That means that watching this Blu-ray was only the second time I’d seen this film and while the visual and aural clarity was fantastic, it was the film itself that once again had me wrapped up in it. It’s such a mix of comical looks, gestures, and directing so crazy that only those who really fit the films audience could truly love. There are a few moments of fourth wall breaking and some brutal fights, but for as much as the film is advertised and focuses on the Fight Club aspect of it; rarely does that dominate the film. Instead it’s all about the Narrator and Tyler Durden’s journey through whatever crazy task they’ve set themselves with.
And watching the film again for the second time really lets you in on all the little “secrets” that pop up. All the instances where the Narrator and Durden are either in or out of frame together and just how it’s all set up. It’s quite an amazing little story to be woven together as tightly as it was and I’m glad that Fincher was able to get this film produced as it was. There were battles, as is chronicled over the course of the extras on this set, but overall Fincher’s piece got through mostly unscathed…and the film world is all the better for it.
The movie is a bit ridiculous, yes, and the whole point of it may get lost somewhere in the excessive violence and crazy visual effects, but it’s definitely something that sticks with you. I’m a sucker for mind-bender movies, whether it’s this or something like Memento, and even once the big “twist” plays out at the end, you can’t help but still enjoy the ride even on repeat viewings. Of course it doesn’t hurt if you have a 1080p transfer paired with a blasting DTS-HD MA track either. Either way you cut it, this film is Highly Recommended.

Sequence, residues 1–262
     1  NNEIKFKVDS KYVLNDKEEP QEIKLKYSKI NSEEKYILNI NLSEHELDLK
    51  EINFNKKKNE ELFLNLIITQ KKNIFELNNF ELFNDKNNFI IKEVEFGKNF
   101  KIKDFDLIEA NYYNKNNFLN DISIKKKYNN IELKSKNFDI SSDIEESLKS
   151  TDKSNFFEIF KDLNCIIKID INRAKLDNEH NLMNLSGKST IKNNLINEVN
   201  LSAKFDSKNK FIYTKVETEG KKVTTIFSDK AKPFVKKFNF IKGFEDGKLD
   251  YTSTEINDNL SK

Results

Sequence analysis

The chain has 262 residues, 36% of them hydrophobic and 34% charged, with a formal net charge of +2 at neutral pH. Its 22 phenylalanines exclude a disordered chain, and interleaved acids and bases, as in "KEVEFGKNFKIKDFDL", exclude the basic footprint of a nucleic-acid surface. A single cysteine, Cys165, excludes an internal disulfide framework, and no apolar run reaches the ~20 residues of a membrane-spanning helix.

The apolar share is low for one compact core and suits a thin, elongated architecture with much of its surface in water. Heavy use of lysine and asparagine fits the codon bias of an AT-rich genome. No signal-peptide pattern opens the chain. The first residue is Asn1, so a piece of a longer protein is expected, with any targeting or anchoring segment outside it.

The disc itself arrives in a standard Eco Elite Blu-ray case without any inserts. A semi-gloss cardboard slipcover hangs out on the exterior of the set with a velco-like flap that boasts shots of Brad Pitt and Helena Bonham Carter’s characters (the exterior is that of Norton). It’s not quite as nice looking as the two-disc DVD or Steelbook releases, but it’s quite enjoyable nonetheless. The menu system…well, there’s a little gag there that was engineered by Fincher himself, but it honestly isn’t all that surprising. I mean, yeah, you don’t expect what you get when you boot it up…but it’s also not that hilarious either. But hey…at least Fincher was involved with this release to the extent he wanted to fool with the fans once more.
Video is an AVC encoded 1080p transfer that…well, it looks gorgeous. The way the film was shot meant a ton of grain and a generally “ugly” picture, but it really just fits the film. Cleaning it up would be a huge disservice and while the film gains quite a bit of texture detail, the films so dark most of the time it’s not something that you will immediately notice. The DTS-HD MA 5.1 track, on the other hand, will catch your attention right from the start. The opening credits are tossed all about the room, the LFE is ever-active with some kind of sound effect thumping you in the chest and the surrounds are really well done for the entire duration of the film. They popped in at all the right moments and just made the whole listening experience that much more entertaining.